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Protection from cosmic danger

How does SCK CEN contribute to a safe habitat in space for astronauts?

As future missions to the Moon and Mars are planned, it is important to know how to keep people safe in remote, dangerous and enclosed environments, where there is no easy way back home. SCK CEN already combines expertise, experience and facilities to find answers to questions such as "How do you keep ultraviolet radiation and cosmic radiation as far away from astronauts as possible?" or "wWat will be required of space habitats to sustain further exploration?".


Preventing biocontamination

Astronauts of course also rely on a healthy environment. On their missions, they will be inevitable accompanied by microbes, which will also be continuously spread by the crew throughout their habitat. Most of these microbes are not harmful and could even be beneficial, but attention needs to be given to the uncontrolled proliferation or the dispersion of pathogens. This complex relation is further shaped by the specific space conditions perceived by the microbes as well as the astronauts. To ensure a healthy environment, our research aims at developing innovative approaches for preventing biocontamination by testing materials and surfaces that prevent microbial growth and unravelling how microbes could adapt to these materials.

© Photo by courtesy of Katharina Siems, DLR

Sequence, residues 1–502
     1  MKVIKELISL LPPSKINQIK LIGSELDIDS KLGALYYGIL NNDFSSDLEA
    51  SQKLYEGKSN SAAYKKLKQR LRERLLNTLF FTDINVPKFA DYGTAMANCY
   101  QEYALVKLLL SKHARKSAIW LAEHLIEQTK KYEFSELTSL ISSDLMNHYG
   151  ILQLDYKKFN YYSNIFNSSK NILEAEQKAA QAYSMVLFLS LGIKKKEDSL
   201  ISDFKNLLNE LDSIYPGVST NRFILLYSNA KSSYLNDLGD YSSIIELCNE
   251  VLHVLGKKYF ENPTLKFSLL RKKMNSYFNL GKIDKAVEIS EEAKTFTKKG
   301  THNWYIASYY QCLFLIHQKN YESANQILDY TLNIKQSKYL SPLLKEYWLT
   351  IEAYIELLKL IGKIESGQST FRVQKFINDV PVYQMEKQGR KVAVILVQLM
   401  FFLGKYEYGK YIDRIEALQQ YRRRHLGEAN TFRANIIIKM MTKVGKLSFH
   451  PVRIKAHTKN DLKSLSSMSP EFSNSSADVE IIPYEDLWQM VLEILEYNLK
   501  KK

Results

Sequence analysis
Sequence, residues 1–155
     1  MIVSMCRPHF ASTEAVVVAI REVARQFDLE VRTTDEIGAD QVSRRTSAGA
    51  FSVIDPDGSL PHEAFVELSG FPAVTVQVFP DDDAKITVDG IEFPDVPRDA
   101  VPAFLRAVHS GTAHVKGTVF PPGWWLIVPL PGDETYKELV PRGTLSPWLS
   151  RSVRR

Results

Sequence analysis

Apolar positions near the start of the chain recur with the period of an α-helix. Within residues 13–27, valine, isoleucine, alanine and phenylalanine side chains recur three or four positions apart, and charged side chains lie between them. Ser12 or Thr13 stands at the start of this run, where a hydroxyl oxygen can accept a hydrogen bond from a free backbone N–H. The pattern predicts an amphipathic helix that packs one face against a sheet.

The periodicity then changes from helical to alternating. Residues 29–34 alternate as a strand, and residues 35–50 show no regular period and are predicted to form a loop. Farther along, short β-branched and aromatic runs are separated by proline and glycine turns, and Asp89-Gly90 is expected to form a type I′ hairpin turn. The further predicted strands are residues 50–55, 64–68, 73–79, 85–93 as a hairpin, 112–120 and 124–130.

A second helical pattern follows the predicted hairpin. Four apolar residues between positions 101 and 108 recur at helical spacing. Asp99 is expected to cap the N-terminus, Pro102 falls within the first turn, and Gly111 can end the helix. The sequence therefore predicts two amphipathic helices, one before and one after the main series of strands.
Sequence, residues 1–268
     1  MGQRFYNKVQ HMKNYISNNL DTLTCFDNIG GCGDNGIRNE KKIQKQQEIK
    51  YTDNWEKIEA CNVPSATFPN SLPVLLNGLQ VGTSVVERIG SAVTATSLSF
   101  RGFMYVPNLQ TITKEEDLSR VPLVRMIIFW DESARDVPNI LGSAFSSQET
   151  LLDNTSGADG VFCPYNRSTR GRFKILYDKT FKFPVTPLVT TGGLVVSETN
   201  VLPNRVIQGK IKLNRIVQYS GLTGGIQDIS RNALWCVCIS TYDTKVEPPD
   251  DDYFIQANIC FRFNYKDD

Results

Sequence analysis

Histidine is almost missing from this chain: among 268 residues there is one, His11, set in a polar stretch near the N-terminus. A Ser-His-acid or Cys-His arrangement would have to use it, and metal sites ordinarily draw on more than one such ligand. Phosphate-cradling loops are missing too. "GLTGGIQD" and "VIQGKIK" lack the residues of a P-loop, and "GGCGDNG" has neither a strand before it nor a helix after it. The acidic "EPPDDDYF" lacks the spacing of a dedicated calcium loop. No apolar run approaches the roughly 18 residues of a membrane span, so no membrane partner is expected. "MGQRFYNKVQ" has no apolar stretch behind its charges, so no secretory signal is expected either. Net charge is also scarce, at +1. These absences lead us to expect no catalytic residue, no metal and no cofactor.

SCK CEN - UNamur - ULB - rotifer in space - 2020

Radiation protection

How can we better protect astronauts against harmful and long-term effects of weightlessness and high doses of cosmic radiation during future long-term space exploration missions to the moon and to Mars? How can living organisms adapt to extreme conditions? The Rotifers In Space (RISE) project led by UNamur and SCK CEN in cooperation with ULB intends to provide answers to these questions. The project partners are putting the rotifer Adineta vaga under the microscope. This tiny animal grows to a maximum size of 1 millimetre and shows a higher radioresistance compared to that of humans or any other animal on earth. The RISE project wants to uncover the underlying mechanisms of this high radioresistance.

Click on over to our 'Rotifer in Space' project to see this research in action.

Official website


Count on our specialised services

Active in the space sector yourself? With over 30 years of experience in space biology, radiation research, experiments and development, we know how to help you successfully launch your journey into space.

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